Let us assume that this particular "crisis" is all about sub-prime mortgages and nothing else. What is the best way to solve this problem? Long-time mortgage expert Roger Schlesinger, in a recent column titled "What Am I Missing?" makes the case that this is actually a banner opportunity for moneyed investors to buy up foreclosed homes on the cheap. The fly in the ointment, however, is that both Fannie Mae and Freddie Mac have restricted investors to a small number of loans, required large down payments, and tacked on punitive points, all of which discourages those with money from coming to the rescue of the housing market. In the end, Fannie and Freddie are actually extending the housing crisis rather than helping to solve it. This is government at its finest.

Time will tell if this financial mess is a true crisis or a manufactured calamity designed to amass governmental power, benefit a particular Presidential candidate, sell out the nation to the international system, shield the responsible parties from prosecution, or all of them combined. What is evident is the stirring of fear among the populace that could build to a fever-pitch—from concern to worry to alarm and finally to hysteria and panic. The rhetoric of fear is increasing with each news cycle.

While Franklin Roosevelt's famous dictum resonates in these unsettling times just as it did during the Great Depression ("[L]et me assert my firm belief that the only thing we have to fear is fear itself—nameless, unreasoning, unjustified terror which paralyzes needed efforts to convert retreat into advance"), perhaps we really need to fear, not the illness, but the cure. If the politicians and the media are so eager to sell Americans this bailout, we should be worried about what is in store for us on the other side. As the saying goes, "Better the devil you know than the devil you don't know."

The resurrected Christ tells the church of Smyrna, "Do not fear any of those things which you are about to suffer" (Revelation 2:10). If we are faithful and fear God rather than the distressing circumstances swirling about us, He will see us through them (Ecclesiastes 8:12).

Friday, September 12, 2008

At the Father's Right Hand

Down through the centuries since the lifetime of Jesus Christ, despite the Bible's injunction against making images of God, artists have depicted probably every scene from the gospels. However, many of them have chosen to portray one of two vignettes from His life: Jesus as a baby in His mother's arms or as crucified Savior. In each case, they depict Him as needy and powerless—either dependent on His mother or dying or dead.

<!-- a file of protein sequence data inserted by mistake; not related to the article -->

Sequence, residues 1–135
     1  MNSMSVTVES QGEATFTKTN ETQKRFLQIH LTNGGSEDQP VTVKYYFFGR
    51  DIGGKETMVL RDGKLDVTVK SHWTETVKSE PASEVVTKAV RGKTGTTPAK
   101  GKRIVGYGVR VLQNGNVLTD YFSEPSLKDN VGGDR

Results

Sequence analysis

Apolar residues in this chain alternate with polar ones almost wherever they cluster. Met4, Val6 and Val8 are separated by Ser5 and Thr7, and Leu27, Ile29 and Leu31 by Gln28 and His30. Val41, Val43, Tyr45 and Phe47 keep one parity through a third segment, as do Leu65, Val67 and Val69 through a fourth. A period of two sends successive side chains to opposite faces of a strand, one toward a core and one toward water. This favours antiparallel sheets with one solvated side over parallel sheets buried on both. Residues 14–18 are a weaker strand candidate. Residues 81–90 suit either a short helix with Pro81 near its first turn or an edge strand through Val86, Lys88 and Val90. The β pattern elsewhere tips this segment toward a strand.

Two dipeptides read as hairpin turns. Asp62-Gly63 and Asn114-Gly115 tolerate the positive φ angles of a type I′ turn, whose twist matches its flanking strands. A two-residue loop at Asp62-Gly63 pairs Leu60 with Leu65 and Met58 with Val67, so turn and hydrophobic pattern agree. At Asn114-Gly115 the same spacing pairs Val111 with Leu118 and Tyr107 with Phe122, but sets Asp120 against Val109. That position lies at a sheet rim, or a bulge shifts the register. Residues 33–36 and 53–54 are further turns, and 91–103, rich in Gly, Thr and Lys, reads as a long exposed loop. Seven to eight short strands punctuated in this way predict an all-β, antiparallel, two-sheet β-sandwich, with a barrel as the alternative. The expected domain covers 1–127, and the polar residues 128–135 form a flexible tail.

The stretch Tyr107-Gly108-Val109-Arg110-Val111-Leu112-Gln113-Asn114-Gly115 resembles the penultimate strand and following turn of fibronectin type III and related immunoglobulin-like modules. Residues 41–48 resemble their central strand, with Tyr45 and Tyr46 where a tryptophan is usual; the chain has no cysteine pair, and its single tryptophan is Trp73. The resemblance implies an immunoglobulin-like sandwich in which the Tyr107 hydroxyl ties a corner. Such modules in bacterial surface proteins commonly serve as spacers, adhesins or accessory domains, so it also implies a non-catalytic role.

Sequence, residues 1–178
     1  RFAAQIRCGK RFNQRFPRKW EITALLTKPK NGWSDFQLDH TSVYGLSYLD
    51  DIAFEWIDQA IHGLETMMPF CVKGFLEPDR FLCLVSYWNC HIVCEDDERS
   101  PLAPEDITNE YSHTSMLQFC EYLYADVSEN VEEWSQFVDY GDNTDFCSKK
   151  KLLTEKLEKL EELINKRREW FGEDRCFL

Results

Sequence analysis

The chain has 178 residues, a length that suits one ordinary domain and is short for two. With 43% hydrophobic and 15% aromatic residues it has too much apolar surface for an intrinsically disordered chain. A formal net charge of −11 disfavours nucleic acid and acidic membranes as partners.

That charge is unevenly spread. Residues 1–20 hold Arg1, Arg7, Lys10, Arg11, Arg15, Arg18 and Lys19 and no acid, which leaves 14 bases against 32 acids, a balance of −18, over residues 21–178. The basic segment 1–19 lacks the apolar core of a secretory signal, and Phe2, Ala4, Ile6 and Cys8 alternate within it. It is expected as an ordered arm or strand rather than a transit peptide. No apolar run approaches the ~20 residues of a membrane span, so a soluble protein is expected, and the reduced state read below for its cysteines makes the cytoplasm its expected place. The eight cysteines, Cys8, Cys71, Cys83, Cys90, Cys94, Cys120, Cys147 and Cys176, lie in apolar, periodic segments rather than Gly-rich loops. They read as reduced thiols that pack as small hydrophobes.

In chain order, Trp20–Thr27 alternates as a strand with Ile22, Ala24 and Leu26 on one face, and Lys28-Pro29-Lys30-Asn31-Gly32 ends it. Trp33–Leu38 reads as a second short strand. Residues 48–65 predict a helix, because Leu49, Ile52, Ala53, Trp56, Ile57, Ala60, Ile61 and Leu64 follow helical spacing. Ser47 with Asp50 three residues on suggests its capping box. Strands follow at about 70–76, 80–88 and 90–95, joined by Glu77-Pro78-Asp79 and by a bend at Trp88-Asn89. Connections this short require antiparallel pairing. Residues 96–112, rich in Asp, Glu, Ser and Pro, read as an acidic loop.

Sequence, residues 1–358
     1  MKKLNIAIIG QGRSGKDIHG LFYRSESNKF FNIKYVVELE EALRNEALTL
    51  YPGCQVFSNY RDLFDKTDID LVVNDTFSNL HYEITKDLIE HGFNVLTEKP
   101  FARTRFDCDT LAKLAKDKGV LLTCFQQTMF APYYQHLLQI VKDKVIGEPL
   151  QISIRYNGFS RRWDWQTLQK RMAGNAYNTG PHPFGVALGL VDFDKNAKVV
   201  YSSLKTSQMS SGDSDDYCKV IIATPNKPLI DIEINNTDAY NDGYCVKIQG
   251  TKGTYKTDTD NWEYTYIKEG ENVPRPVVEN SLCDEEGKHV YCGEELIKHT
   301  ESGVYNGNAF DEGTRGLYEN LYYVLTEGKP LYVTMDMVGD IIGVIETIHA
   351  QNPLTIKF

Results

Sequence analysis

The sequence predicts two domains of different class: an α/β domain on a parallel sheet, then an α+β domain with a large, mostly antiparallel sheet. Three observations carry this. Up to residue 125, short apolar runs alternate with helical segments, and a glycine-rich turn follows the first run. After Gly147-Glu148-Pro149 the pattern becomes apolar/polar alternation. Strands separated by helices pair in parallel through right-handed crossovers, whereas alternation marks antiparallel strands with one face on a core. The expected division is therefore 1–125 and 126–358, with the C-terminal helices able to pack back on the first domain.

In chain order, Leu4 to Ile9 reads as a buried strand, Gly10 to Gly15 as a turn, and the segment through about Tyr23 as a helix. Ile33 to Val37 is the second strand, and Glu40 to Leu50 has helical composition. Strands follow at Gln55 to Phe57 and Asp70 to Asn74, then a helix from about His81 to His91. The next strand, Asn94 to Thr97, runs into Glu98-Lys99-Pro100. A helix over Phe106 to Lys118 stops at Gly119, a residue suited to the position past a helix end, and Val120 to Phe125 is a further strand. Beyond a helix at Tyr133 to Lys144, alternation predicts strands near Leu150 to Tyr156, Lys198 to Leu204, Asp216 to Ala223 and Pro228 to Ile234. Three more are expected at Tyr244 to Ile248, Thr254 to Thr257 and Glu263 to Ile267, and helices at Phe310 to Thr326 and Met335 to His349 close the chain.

Much of modern Christianity follows the same dual-themed template in its preaching and worship. Each year we are barraged by the imagery of the baby Jesus in the iconography of the interminable Christmas season. While it is certainly wonderful to realize that God came in the flesh to dwell among men (John 1:14), this world's Christianity and its prolonged emphasis on Christmas tends to "freeze" Him in the position of a cute little baby for all time, ignoring His greater purposes and works.

In addition, the constant refrain, especially of the evangelical set, is "Have you been saved?" Again, their question is undoubtedly sincere, and it is hard to fault their missionary zeal. Yet, it seems that their only goal is to call as many people forward as they can to pray the prayer of salvation, accepting the sacrifice of Jesus Christ on the cross. "Jesus Christ died to save you from your sins" is a true statement—and thank God that He did!—but He did not remain on the cross any more than He stayed in the manger. With those wonderful works accomplished, He has moved on to even better things.

The apostle Paul is eager to point this out in Romans 5:10: "For if when we were enemies we were reconciled to God through the death of His Son, much more, having been reconciled, we shall be saved by His life" (emphasis ours). Certainly, the Easter holiday—as paganized as it is with its use of fertility symbols like bunnies and eggs—proclaims the fact that Jesus Christ rose from the dead, but its impact on society and nominal Christians is feeble. About the most that those who call themselves Christians get from it—and even this is only partly true—is that Christ's resurrection opens the way for them to get to heaven and enjoy eternal life. So much for the meek "shall inherit the earth" (Matthew 5:5)!